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Buying your first home in the country - Part 1

When we decided to move from Paris to live in the Drôme, we had a project that seemed completely banal. In the eyes of many, we were the umpteenth Parisians, fed up with Covid, to leave the big city for greenery, space and a decent quality of life. But when we got down to the concrete search of a house, we weren't so ordinary anymore: few were looking to buy first, while the others were looking first for an apartment in a medium-sized conurbation.

And looking for a house in the country from Paris, when we're used to living in an apartment in a condominium, isn't so easy. You need to ask yourself the right questions and have the right advisors if you want to recognize the dream house when it presents itself, especially from a distance. The stakes are all the higher when you're moving from the city to the country, and it's always comfortable to have a firm foothold at home, with no surprises.

This is the first in a series of 3 articles detailing the important elements for a successful and worry-free change of life. In this article, we'll be focusing on the criteria to be studied beforehand. In a second article, we'll look at the characteristics of the house you've selected for your move, and finally, we'll look at how to optimize the first few weeks of settling in.

1. Location

This may sound like a bit of a mouthful, as it's the number 1 criterion for any real estate project, but when you move to another region, it takes on much greater proportions. Whether you're looking for a place to work, to go to school, to find baby sitters or for relatives to visit you regularly, it's best to think carefully about this criterion. It will also save you precious time in your search.

2. Work

Here again, I won't surprise anyone, but it's important to bear in mind that if you're looking for a house with renovation work, the stakes are much higher: having a roof to redo or poor insulation to repair will be much more costly, because you're no longer relying on your neighbors, you're financing 100%. This is all the more problematic as it is often difficult to identify the extent of the work to be carried out (cf. roof structure, seepage...). When buying in a condominium, you can rely on the syndicate of co-owners (who is supposed to be neutral), whereas for a house, if you're looking on your own, you have to deal directly with the seller or his agent. Work can quickly represent 50% or even 100% of the sale price, so you need to know how to anticipate it, because you could be disappointed once the budget's up.

3. Old stone or modern house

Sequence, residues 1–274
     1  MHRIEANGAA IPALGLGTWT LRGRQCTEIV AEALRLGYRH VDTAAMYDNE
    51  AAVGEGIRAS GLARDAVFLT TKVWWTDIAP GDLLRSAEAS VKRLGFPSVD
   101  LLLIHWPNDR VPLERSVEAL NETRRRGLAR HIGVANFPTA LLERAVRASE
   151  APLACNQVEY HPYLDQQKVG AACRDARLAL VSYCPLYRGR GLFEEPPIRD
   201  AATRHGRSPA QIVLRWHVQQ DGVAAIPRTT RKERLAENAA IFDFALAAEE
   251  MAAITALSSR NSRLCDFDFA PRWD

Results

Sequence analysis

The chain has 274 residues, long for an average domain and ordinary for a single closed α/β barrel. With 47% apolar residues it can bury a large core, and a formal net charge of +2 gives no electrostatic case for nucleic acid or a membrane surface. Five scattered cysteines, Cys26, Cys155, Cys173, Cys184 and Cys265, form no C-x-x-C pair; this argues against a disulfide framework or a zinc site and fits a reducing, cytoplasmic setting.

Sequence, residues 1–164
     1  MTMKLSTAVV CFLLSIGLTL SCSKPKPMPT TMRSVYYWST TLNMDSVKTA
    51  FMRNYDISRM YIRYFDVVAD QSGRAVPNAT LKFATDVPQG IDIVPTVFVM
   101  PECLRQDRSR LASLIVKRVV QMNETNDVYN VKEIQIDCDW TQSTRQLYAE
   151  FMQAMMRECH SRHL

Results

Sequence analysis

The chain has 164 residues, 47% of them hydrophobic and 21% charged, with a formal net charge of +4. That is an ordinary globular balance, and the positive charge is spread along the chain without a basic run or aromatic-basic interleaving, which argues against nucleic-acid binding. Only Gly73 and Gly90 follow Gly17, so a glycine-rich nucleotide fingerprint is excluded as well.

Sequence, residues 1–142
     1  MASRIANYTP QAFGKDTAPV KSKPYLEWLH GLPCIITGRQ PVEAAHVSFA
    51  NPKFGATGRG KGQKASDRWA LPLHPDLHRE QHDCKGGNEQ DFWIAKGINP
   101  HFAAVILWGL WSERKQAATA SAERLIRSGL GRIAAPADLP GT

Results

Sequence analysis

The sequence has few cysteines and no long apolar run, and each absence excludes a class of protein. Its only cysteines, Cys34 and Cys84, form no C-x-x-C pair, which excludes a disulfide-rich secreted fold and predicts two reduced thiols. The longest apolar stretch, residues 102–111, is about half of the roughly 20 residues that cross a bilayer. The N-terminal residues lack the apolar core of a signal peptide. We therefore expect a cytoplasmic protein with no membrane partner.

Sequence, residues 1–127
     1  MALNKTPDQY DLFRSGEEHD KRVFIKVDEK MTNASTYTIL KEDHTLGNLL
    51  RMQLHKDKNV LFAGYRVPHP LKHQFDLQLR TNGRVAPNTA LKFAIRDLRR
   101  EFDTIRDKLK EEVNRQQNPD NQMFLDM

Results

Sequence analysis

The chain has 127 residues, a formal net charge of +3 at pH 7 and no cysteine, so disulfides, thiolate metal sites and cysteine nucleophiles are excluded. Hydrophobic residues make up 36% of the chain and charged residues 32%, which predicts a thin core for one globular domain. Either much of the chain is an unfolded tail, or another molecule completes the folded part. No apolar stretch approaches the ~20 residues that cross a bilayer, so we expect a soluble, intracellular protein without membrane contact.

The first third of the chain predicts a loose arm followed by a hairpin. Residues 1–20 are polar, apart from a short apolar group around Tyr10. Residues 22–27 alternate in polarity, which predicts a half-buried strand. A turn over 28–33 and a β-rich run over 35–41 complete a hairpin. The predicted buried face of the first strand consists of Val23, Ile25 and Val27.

This is probably the criterion that can be analyzed in the same way as when looking for an apartment. It's closely linked to the amount of work you're willing to put in, even if you can find beautiful old farmhouses that have been completely redone, but you'll have to pay the price in that case. For us, the question was very simple because we're very sensitive to the charm of our home (in Paris, it was Haussmannien or nothing). But old stones mean less light, less functional rooms and, above all, potential work surprises.

4. The size of the plot

When you decide to move from Paris to the country, you're going to want a huge plot of land. You need to think about the upkeep that comes with the land and the budget you'll need to allocate. The same applies to the size of the house: if you want 8 bedrooms so that each child of the couple of friends has a room when they come for 4 days on Ascension Day, you have to remember that they will need to be heated for the remaining 360 days. A huge plot of land requires pruning, mowing and specific landscaping work for fire procedures....

5. The pool

This doesn't apply everywhere in France, but it's a filter that will save you a lot of time. With droughts on the increase, it's best to have your pool already built and officially registered. Many buyers also ask for a plot of land suitable for swimming pools if it hasn't already been dug, but PLUs (local urban planning schemes) change quickly...

Here are the 5 things you need to consider when looking for a house in the "countryside", even if you've just bought an apartment. Going through a property hunter can help you with each of these questions, as he or she has the local knowledge, experience and technical skills. More information on each of these 5 elements to come very soon.


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